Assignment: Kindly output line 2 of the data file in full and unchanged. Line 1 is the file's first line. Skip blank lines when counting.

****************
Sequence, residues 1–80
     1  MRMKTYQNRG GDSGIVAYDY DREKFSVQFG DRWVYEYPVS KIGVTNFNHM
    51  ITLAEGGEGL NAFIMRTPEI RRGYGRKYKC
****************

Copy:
     1  MRMKTYQNRG GDSGIVAYDY DREKFSVQFG DRWVYEYPVS KIGVTNFNHM